Page last updated at 12:41 GMT, Thursday, 4 September 2008 13:41 UK

Tory MP to campaign for 'No' vote

David Davies
David Davies said he feared independence was the 'next and final step'

Tory MP David Davies has announced plans to campaign for a "No" vote in a future referendum on full law-making powers for the Welsh assembly.

The Monmouth MP and former AM warned a 'Yes' vote would "drag Wales down to Soviet-style poverty".

Welsh Conservative leader Nick Bourne has said party members are free to campaign either way in a referendum.

The assembly government said the All Wales Convention would monitor public opinion on the issue.

But it said a campaign would be needed in due course.

The convention is a key commitment of the Labour-Plaid Cymru coalition administration intended to prepare the ground for a referendum on powers for the assembly.

'Bitterly divided'

All four party leaders in the assembly are in favour of further devolution.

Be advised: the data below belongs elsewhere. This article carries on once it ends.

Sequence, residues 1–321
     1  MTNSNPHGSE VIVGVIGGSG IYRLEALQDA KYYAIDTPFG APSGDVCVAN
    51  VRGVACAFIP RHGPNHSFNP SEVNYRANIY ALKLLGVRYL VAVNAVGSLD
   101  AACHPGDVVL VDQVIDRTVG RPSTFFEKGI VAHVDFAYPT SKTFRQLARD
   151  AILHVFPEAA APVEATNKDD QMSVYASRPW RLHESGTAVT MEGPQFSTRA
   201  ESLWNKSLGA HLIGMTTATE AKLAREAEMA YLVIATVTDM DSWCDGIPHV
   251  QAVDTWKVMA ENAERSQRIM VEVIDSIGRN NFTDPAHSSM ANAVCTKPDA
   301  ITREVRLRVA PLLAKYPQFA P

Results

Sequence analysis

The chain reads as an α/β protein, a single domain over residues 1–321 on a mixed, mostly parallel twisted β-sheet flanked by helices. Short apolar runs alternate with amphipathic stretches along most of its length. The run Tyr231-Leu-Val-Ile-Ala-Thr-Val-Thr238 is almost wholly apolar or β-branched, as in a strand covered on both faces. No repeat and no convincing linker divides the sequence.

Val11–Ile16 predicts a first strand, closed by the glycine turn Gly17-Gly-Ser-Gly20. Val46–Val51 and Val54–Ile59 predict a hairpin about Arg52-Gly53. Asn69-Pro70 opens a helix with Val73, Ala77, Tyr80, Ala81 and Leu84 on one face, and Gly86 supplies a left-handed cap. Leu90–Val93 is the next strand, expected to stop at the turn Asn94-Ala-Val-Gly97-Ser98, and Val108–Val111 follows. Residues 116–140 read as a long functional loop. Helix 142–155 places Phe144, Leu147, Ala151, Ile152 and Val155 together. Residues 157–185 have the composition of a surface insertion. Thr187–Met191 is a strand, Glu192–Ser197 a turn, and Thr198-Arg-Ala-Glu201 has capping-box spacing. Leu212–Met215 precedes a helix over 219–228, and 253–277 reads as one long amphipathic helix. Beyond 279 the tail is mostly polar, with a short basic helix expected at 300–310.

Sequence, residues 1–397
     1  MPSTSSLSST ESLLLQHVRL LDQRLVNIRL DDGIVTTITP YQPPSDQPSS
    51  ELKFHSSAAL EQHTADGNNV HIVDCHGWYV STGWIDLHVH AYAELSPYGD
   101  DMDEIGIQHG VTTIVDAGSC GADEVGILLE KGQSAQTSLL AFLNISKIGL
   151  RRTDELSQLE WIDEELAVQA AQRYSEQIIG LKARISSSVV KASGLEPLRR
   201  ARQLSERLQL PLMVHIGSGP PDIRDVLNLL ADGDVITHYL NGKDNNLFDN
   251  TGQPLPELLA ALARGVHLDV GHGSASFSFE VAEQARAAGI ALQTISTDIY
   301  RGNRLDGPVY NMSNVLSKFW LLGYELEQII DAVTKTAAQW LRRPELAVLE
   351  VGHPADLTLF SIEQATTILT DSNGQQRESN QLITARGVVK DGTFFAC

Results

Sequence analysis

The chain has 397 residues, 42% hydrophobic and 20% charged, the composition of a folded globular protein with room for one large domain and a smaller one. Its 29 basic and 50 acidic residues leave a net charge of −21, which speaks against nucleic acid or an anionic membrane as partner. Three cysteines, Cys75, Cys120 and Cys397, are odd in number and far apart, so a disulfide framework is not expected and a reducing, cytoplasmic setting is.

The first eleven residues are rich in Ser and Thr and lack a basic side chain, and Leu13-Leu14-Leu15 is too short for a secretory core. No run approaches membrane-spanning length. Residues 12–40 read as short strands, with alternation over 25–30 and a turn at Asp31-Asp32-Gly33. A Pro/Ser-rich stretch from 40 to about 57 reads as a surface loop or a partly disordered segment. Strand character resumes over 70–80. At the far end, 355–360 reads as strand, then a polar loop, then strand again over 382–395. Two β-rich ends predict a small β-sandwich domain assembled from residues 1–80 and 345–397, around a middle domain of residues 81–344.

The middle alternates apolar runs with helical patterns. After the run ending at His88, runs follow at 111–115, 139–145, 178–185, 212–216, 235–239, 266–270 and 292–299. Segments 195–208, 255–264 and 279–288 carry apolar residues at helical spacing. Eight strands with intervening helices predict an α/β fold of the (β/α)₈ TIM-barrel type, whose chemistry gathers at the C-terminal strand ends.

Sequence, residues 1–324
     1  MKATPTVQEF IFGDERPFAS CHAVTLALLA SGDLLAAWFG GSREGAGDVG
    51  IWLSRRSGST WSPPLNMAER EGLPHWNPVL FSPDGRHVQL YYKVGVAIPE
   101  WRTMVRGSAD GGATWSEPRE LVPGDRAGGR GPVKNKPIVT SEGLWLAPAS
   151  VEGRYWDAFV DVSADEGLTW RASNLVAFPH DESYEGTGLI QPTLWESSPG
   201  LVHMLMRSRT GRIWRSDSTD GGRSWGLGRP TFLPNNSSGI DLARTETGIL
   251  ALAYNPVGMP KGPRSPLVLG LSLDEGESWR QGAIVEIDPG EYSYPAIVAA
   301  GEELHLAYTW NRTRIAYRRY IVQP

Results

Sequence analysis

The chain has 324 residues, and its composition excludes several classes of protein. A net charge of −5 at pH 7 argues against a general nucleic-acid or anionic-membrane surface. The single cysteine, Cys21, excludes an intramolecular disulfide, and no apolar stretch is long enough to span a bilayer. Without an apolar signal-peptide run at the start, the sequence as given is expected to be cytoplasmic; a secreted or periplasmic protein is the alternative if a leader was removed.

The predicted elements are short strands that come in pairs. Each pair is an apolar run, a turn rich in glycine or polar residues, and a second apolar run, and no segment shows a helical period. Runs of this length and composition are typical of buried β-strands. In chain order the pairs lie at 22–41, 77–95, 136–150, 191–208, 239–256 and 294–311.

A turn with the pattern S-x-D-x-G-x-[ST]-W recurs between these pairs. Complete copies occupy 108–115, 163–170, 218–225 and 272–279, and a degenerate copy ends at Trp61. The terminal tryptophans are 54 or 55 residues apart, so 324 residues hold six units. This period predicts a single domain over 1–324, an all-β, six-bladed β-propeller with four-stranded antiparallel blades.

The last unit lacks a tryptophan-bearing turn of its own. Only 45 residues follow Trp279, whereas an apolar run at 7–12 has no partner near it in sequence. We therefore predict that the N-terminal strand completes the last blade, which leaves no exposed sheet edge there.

But Mr Davies told BBC Radio Wales that there would be "absolutely no shortage" of Conservative Party members who would support a 'No' campaign and the same was true of Labour members, including one former MP.

"I would love to have an organisation with a prominent Liberal Democrat, Labour Party and perhaps myself as a Conservative member all jointly running it", Mr Davies said.

He said nobody else appeared to be organising a 'No' campaign and one was needed to balance the influence of those running public sector bodies in Wales who had a "disproportionately large voice" and wanted "full independence".

"I'm afraid that if they succeed in getting full law-making powers for the Welsh assembly then full independence will be the next and final step," he said.

The Liberal Democrats said a 'Yes' campaign was needed urgently

Responding to Mr Davies' announcement, the Lib Dems accused Labour and Plaid Cymru AMs of dragging their feet on the issue and allowing opponents of more powers to make the running.

But Labour AM Jeff Cuthbert said a campaign to increase assembly powers should wait until the findings of the All Wales Convention were published.

Mr Cuthbert also accused Mr Davies of misleading people with claims a 'Yes' vote in a referendum would lead to the break up of the United Kingdom.

A spokesperson for the Labour-Plaid assembly government said the Conservatives were "bitterly divided" on devolution.

"Six months ago they announced that they would review their policy on further devolution for Wales and they still haven't reached any conclusion," the spokesperson said.

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